Saturday, 22 June 2013

1st steps to getting customers for your business

When we were in primary school, there was a method we often used in solving our sums; we called it working-to-the-answer.
Working to the answer
We would flip to the back pages of our arithmetic texts, which contained the solutions, obtain them and use them to work out the sums; it was like working in reverse, from the end to the beginning. We were always discouraged from doing this; but business management is one area of your life where you don’t want to ever stop doing it. Let me explain.



How many cooks reading this blog, love cooking so much that they would prepare ten tins of rice, flavour it with the best of spices, garnish it with vegetables and an assortment of meat and dish it out only to be looking for hungry people that will eat it? Don’t we all start out by identifying the hungry mouths that need to be fed, estimating how much they can consume and then gather the ingredients required to prepare the food, before cooking? Don’t we start from the end-user (or consumer in this case) and work backwards to the production of the food?

Why then do we find people nowadays who so love to work for themselves or so love their business ideas that they first prepare their product/service and then start looking for buyers? Why do we have entrepreneurs who buy machines, employ workers, start producing and then begin to look for sales outlets? Why don’t we start by obtaining the end users ever before we roll out? A business myth that is often peddled around is ‘Where the carcass is, the vultures will gather’. How do you know that your carcass is the only one around that the vultures want to gobble? I have a friend who purchased several acres of farmland, ploughed it, harrowed it and ridged it. She then planted improved maize seeds on it, weeded the farm twice, fertilized the crops and then came to ask me if I knew where she could sell off her harvest. Can you believe that moulds, weevils and rodents harvested her crop? Unthinkable you would argue, but it happened right here in Ibadan!

A word that many entrepreneurs hate but must fall in love with is marketing. Marketing consists of all the activities a business engages in to persuade prospective customers to purchase their products or services (key word being prospective). There are many tools of marketing but they all have a singular aim: the identification and conversion of prospects to buyers. The marketing tool I want us to examine in this post which can help you in working-to-the-answer is called market survey. A thorough market survey will provide you with information such as the target audience, market characteristics, trends, distribution patterns, market growth potentials and competition that you need to formulate a marketing strategy. Let’s flesh that out a little.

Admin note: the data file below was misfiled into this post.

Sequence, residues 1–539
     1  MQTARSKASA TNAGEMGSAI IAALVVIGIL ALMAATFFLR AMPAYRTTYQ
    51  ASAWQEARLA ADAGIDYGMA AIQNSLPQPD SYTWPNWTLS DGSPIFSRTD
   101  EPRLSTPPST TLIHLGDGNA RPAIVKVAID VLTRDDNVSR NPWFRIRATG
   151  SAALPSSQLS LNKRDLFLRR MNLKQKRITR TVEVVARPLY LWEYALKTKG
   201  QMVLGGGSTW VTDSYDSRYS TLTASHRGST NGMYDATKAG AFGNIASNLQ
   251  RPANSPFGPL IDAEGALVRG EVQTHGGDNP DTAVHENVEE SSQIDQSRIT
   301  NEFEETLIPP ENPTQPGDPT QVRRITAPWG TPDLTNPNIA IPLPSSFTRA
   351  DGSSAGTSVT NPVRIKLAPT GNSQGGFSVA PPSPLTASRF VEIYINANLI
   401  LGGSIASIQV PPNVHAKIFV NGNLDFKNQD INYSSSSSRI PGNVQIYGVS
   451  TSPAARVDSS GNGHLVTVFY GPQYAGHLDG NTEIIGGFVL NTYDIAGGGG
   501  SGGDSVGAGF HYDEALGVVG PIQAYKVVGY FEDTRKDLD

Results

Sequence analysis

Target audience refers to those who will buy your product/service. For instance, a car dealer selling new cars in Nigeria will find the chunk of his customers in banks, oil companies and among politicians while other dealers selling fairly used cars (tokunbo) will find theirs in the public sector. Similarly, KFC franchises in Nigeria will find their customers in high-rent neighbourhoods while the mama-put (restaurants serving native dishes) will be swarming with people if located in a low-cost housing area. Level of education, size of discretionary income, age and ethnicity are a few factors determining your target audience. You need to find the demography attracted to your product or requiring your services and not just assume that they exist out there!